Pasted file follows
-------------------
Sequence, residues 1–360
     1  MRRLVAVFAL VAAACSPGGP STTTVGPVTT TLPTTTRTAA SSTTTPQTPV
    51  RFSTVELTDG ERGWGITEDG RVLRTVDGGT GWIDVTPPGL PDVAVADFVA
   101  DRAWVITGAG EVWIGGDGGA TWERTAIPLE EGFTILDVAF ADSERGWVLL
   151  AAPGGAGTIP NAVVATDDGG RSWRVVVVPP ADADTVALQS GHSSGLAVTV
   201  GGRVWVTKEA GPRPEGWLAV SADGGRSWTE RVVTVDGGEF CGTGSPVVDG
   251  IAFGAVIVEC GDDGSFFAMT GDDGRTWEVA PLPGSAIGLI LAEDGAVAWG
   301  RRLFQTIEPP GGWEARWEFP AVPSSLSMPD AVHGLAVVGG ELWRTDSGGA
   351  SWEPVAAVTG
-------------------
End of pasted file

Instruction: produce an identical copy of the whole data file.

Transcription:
Sequence, residues 1–360
     1  MRRLVAVFAL VAAACSPGGP STTTVGPVTT TLPTTTRTAA SSTTTPQTPV
    51  RFSTVELTDG ERGWGITEDG RVLRTVDGGT GWIDVTPPGL PDVAVADFVA
   101  DRAWVITGAG EVWIGGDGGA TWERTAIPLE EGFTILDVAF ADSERGWVLL
   151  AAPGGAGTIP NAVVATDDGG RSWRVVVVPP ADADTVALQS GHSSGLAVTV
   201  GGRVWVTKEA GPRPEGWLAV SADGGRSWTE RVVTVDGGEF CGTGSPVVDG
   251  IAFGAVIVEC GDDGSFFAMT GDDGRTWEVA PLPGSAIGLI LAEDGAVAWG
   301  RRLFQTIEPP GGWEARWEFP AVPSSLSMPD AVHGLAVVGG ELWRTDSGGA
   351  SWEPVAAVTG